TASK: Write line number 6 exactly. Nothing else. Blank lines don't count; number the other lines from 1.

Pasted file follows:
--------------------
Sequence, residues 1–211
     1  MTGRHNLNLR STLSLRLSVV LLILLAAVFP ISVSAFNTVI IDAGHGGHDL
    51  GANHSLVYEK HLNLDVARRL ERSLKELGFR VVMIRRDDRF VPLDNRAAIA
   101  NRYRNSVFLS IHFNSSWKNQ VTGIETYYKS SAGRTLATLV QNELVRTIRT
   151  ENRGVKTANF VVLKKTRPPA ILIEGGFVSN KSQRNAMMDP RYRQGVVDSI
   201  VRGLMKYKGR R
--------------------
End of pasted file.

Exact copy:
   201  VRGLMKYKGR R